How Can Research Be Evaluated?
Because of the growing demand for transparency and accountability in research evaluation, researchers developed a comprehensive list of evaluation tools and techniques and explained when each might be most useful and why. They then offered a list of 100 ideas for metrics that can be used to assess and communicate the value of biomedical research.
There is growing demand internationally for research evaluation, due to an increasing emphasis on governance and accountability in both the public and private sectors.
The traditional metrics used internally by research institutions (the size of a grant, the number of grants, number of academic publications, etc.) can serve as surrogate measures of research quality given that they are based on peer review. However, such traditional evaluations are not effective with the external audiences that are important for policymaking, which are increasingly focused on the wider health, social and economic impacts of the work being done.
In response to increasing expectations of accountability and transparency, the Association of American Medical Colleges (AAMC), in collaboration with RAND Europe, undertook a project to help communicate the wider value of biomedical research. The initiative developed resources to support academic medical centres in evaluating the outcomes and impacts of their research using approaches relevant to various stakeholders, including patients, providers, administrators, and legislators. Two main publications have resulted from this project, which together seek to support the development of evaluation frameworks.
In the first report, Measuring research: A guide to research evaluation frameworks and tools, prepared for the Association of American Medical Colleges, we have compiled a comprehensive list of evaluation tools and techniques. We discuss when each might be most useful; examine the advantages and disadvantages of different approaches; and look at the context in which each of 14 different frameworks has been used before. We also present a decision tree for funders, policymakers and researchers who want to evaluate research and need practical guidance on how to choose the appropriate approach.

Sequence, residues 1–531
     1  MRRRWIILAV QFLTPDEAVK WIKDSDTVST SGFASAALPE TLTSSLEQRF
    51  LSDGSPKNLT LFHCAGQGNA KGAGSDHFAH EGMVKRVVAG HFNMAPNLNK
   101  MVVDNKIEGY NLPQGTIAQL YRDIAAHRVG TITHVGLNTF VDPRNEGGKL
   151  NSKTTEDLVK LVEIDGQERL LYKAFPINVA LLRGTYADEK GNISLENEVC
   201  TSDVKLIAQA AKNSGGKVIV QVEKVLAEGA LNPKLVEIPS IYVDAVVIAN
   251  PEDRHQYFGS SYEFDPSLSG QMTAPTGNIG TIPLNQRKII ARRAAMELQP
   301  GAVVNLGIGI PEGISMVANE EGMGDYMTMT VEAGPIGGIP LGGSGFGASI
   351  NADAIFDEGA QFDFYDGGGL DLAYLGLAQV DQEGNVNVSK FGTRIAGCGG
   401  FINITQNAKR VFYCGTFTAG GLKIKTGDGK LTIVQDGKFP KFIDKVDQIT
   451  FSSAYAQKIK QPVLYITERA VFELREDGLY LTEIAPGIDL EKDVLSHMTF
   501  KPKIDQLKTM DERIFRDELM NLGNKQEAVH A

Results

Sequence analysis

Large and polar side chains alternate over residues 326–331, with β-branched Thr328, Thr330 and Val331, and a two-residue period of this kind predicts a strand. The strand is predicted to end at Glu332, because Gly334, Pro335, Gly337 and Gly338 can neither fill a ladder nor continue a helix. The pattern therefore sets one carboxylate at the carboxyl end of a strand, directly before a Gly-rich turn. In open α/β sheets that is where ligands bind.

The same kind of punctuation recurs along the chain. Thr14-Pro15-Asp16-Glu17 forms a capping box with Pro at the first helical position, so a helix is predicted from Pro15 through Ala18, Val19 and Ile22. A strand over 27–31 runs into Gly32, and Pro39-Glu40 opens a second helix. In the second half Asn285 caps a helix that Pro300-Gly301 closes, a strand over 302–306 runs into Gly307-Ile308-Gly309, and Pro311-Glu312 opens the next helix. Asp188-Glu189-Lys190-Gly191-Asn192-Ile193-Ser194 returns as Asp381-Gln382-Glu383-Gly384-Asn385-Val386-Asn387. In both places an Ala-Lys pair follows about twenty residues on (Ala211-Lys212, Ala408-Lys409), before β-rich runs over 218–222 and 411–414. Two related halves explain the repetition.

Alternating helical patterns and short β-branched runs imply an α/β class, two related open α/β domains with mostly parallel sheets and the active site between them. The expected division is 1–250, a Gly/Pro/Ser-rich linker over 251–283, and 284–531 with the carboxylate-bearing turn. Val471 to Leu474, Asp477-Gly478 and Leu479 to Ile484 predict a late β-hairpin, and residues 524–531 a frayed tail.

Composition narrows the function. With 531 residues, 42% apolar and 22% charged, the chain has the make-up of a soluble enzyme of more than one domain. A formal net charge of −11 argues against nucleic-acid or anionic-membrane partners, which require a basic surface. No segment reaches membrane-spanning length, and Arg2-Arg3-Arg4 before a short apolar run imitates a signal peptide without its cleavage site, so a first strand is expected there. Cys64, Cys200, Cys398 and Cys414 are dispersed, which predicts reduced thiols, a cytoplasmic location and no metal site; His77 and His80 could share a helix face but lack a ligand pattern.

The second report presents 100 ideas for metrics that can be used assess and communicate the value of biomedical research. The list is not comprehensive, and the metrics are not fully developed, but they should serve to stimulate and broaden thinking about how academic medical centres can communicate the value of their research to a broad range of stakeholders. Some metrics, such publication numbers, are measurable in the short and medium terms. Others, such as community-level health and economic outcomes, are longer-term and appeal to audiences other than academic medical centres.
Findings from the first report include:
- Designing a research evaluation framework requires trade-offs: there is no silver bullet.
- To be effective, the design of the framework should depend on the purpose of the evaluation: advocacy, accountability, analysis and/or allocation.
- Research evaluation tools typically fall into one of two groups, which serve different needs; multiple methods are required if researchers’ needs span both groups.
- The units of aggregation used for collecting, analysing and reporting data will depend on the target audience(s), and the tool(s) used.
- There are some perennial challenges to research evaluation that need to be addressed.
- Research evaluation approaches need to suit their wider context.
- Finally, implementation needs ownership, the right incentives and support.
Findings from the second report include:
- Different types of metrics – Nine types of metrics were identified:
- Research – the direct development and outputs arising from research
- Prestige – the external recognition of the research
- Career – the teaching and career development of researchers following the research
- Process – the effectiveness and efficiency of the administrative and institutional processes supporting the research
- Network —the interactions of researchers and academic institutions with external stakeholders
- Policy — the changes in policies to which the research has contributed
- Health — the changes in health outcomes to which the research has contributed
- Economics — the changes in the (local) economy to which the research has contributed
- Broader — changes across the range of categories listed above
- Long term vs short term – Some metrics, such as publication numbers, are measurable in the short and medium terms. Others, such as community-level health and economic outcomes, are longer-term and appeal to audiences other than academic medical centres.
- Stakeholders – Each metric is likely to be of interest to one or more stakeholder groups, which include funders and donors, external academic stakeholders, board management, local population, research management, and patients.
- Sources – Each metric draws on data collected through one or more sources.